Why I Love the Holy Father
“Why I love the Holy Father”: I’m not sure those are words I would’ve typed 17 years ago. You see, back then I was an Evangelical Protestant dating a super cute Catholic boy. Loving the Holy Father wasn’t really on my radar back then. To be perfectly honest, I had a pretty ambivalent relationship about the Pope. I was Switzerland, in a way. I loved that he was so steadfast in his beliefs but I couldn’t quite grasp why Catholics loved him so very much.
That very cute Catholic boy and I trotted off to the altar and I converted an hour before our rehearsal dinner. It wasn’t until three years later, when we moved and became involved in high school youth ministry as volunteer youth ministers, that I got to know the Holy Father and his role within the church.
I was so misinformed, y’all. This is coming from the gal who thought that every Pope was named John Paul II. Yes, I really did think that. I asked Scott, “So, how do you keep all the John Paul II’s straight?” Oh man, you should’ve seen his face.
Our youth group went on pilgrimage to Italy with 20 teenagers and we had the awesome honor of seeing him SEVEN times in two weeks. How does that even happen? Our first sighting was during a Papal audience in St. Peter’s Square. Before he arrived, you could feel the electricity in the air. I still wasn’t convinced. I mean, I was excited, but I wasn’t even sure why. To be clear, this was just a 75ish, white-haired, Polish guy who had some charisma, right?
Then, I spotted the Popemobile out of the corner of my eye. It’s difficult to transcribe the emotions that went through my heart. It was…awe, maybe? I think the best way to describe it is to envision the holiest living person you know. The one person who makes you want to be your best self. The person you never want to disappoint. Perhaps slightly cliche to say, but I really did feel like I was in the presence of someone so holy, so loving, so awesome, so human, that I could hardly stand it. A few days later we participated in the Eucharistic procession. Typically, the Holy Father prays the entire way. Or not. This photo was taken just as he passed us. I tear up every time I see it.
When Pope John Paul II died, it was devastating. Yes, I had seen him suffer, but to lose the only Pope I’d ever known, it was a sad, sad day. I wasn’t entirely sure I could love another Pope the way I loved and admired JPII.
And then I went and did it anyway.
In 2009, when I was pregnant with our fifth child, Scott accompanied a group of donors to Rome. When he sent me this photo, I wept at my computer. Look at that JOY. Being the Vicar of Christ is no easy task, but Pope Benedict XVI has done it with such humility and grace. Make no mistake, he is no John Paul II. But JPII was no Pope Benedict XVI. Each served the people in the way they needed to be shepherded. I love them both, and what they represent, very much.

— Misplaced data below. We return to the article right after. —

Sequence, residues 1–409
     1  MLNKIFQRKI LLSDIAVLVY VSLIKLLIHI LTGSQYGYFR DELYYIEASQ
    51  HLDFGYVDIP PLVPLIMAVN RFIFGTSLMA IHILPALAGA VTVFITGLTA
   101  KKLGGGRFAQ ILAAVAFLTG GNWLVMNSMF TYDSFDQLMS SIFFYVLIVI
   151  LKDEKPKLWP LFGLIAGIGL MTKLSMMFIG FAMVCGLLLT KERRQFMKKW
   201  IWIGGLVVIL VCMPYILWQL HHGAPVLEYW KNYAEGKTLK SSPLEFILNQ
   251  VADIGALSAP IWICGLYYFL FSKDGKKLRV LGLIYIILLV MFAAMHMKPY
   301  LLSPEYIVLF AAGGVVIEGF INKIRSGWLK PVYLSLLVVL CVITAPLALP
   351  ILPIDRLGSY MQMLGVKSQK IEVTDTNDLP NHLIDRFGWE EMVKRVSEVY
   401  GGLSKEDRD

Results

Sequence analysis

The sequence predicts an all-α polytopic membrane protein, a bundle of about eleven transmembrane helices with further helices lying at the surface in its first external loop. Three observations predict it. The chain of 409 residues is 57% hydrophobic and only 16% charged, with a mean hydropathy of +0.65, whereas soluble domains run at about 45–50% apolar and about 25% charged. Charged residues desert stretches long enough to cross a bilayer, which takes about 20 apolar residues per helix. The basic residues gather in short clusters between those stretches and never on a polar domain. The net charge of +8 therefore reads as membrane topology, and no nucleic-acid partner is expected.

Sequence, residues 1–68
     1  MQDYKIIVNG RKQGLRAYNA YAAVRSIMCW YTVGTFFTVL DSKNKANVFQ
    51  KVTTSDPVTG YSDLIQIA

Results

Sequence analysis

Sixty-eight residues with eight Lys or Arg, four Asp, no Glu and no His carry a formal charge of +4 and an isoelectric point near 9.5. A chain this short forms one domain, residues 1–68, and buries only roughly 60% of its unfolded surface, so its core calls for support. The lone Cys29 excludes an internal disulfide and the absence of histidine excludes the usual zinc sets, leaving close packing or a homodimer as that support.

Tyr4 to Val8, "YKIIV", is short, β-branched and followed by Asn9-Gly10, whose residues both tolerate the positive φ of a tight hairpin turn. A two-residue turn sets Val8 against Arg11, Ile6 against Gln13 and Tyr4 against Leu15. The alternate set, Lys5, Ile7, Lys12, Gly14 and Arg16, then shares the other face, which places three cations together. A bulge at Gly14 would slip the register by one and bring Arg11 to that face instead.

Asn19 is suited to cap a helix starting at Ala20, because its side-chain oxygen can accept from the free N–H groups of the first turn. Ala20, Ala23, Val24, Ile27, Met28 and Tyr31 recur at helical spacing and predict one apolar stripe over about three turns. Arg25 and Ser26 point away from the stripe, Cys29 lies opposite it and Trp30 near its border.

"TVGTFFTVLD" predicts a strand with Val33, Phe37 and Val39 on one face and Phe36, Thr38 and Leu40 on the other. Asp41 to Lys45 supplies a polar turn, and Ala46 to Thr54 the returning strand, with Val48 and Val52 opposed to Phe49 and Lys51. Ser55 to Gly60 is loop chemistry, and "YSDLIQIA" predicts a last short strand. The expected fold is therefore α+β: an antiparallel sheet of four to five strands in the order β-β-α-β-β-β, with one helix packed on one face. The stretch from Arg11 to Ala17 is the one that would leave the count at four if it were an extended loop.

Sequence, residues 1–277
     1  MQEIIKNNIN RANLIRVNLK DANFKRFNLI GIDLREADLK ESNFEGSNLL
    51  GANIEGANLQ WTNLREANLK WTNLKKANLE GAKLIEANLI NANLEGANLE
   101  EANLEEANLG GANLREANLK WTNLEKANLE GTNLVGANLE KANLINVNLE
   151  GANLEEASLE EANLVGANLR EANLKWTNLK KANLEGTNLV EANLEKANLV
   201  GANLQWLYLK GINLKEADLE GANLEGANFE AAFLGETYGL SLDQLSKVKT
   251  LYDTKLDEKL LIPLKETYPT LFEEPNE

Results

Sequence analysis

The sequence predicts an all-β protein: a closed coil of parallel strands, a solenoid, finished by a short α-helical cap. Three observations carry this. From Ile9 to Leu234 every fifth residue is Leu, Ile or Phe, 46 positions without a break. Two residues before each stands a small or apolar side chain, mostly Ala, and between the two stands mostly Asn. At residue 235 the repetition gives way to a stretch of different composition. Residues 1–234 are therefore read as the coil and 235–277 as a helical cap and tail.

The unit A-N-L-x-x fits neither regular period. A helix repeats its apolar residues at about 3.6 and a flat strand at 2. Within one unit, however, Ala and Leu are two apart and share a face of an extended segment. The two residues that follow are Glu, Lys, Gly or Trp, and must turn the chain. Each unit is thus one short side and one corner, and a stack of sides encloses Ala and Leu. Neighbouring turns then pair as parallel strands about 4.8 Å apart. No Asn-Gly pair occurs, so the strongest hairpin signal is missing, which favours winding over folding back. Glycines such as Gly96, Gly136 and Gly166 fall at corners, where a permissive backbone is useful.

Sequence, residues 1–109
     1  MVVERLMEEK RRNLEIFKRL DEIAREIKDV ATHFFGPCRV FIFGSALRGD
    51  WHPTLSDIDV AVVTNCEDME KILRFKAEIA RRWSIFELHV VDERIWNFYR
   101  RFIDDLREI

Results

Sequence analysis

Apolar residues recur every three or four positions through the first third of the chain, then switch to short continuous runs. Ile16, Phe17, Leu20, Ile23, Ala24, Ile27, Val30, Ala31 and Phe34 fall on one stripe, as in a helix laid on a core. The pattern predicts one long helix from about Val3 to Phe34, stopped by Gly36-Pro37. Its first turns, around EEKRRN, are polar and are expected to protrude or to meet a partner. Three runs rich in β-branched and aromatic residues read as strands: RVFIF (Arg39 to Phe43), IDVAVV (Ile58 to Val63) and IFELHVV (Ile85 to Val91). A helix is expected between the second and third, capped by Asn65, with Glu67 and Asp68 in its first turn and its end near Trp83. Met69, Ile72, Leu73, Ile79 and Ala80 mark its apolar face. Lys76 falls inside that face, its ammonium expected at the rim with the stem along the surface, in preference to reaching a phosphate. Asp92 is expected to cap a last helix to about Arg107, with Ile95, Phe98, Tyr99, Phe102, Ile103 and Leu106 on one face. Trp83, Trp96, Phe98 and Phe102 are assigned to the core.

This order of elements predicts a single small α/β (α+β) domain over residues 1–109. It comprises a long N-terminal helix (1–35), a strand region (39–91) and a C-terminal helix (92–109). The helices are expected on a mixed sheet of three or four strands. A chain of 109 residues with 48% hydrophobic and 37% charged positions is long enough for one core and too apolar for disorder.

As Catholics, we believe the Pope is more than just the leader of more than a billion Catholics worldwide. No, he’s not Christ, but he is our shepherd. The Papacy began with St. Peter, the original Vicar of Christ, and that chain has remained intact for the 264 popes who followed him. In just a few short weeks, the College of Cardinals will elect the 266th Pope. No doubt, it will be a day filled with joy. But, as that man is elected Pope only one other living being understands the great cross he will now bear.
Pope Emeritus Benedict XVI.
John Paul II showed us the sanctity of life as he lived his last days in suffering. As Pope Benedict XVI lives his final days in monastic life, his example of God’s will and mercy is not lost on me.
While I cry today, as we say goodbye to an extraordinary man, a gentle leader and a faithful servant of God, I know those tears will be ones of joy in just a few short weeks. You’re loved, Holy Father.
What a great article. I love all your stories and look forward to hearing about your life in a Catholic home. I was raised in one and have such wonderful memories of the different Pope’s and of Holy Week. I have been to Italy and went to mass at St. Peter’s and it was amazing but we did not get to see the Pope during our visit. God bless you and all your family.
This is beautiful Kathryn. I’ve teared up a few times. I’m German–of the Bavarian kind(wink, wink)–and my family in Germany have been so thrilled to have their priest lead us in Rome. He will be missed.
Oh, Kathryn! You’ve done it again… brought tears to my eyes as I recall that pilgrimage to Italy in 2000 and re-live those sightings of JPII (especially the one you photographed so beautifully). Remember running through the streets so we could catch another glimpse of him after that? Whatta guy! And followed by another, very different, shepherd. As we await the election of our next Holy Father, we pray for a peaceful, full retirement for Benedict XVI.
Choked up this morning seeing the helicopter lift off from the Vatican gardens.
[…] his name? (answered by yours truly) As a convert this was my very first question about the Pope. I’m sort of embarrassed about my first answer. Oh well, live and […]
[…] Why I Love the Holy Father @ Team Whitaker […]
[…] and I found ourselves on pilgrimage to Italy with 20 teenagers in 2000, the Jubilee year. In that two-week span, we saw Pope John Paul II seven times. SEVEN. The most memorable, of course, was […]
[…] Why I Love the Holy Father […]